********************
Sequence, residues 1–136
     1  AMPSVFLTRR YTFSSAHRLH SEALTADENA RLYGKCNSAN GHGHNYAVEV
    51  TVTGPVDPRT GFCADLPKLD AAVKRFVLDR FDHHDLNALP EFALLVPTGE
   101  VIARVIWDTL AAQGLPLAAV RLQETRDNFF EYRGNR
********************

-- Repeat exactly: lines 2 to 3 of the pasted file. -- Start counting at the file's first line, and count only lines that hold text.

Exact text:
     1  AMPSVFLTRR YTFSSAHRLH SEALTADENA RLYGKCNSAN GHGHNYAVEV
    51  TVTGPVDPRT GFCADLPKLD AAVKRFVLDR FDHHDLNALP EFALLVPTGE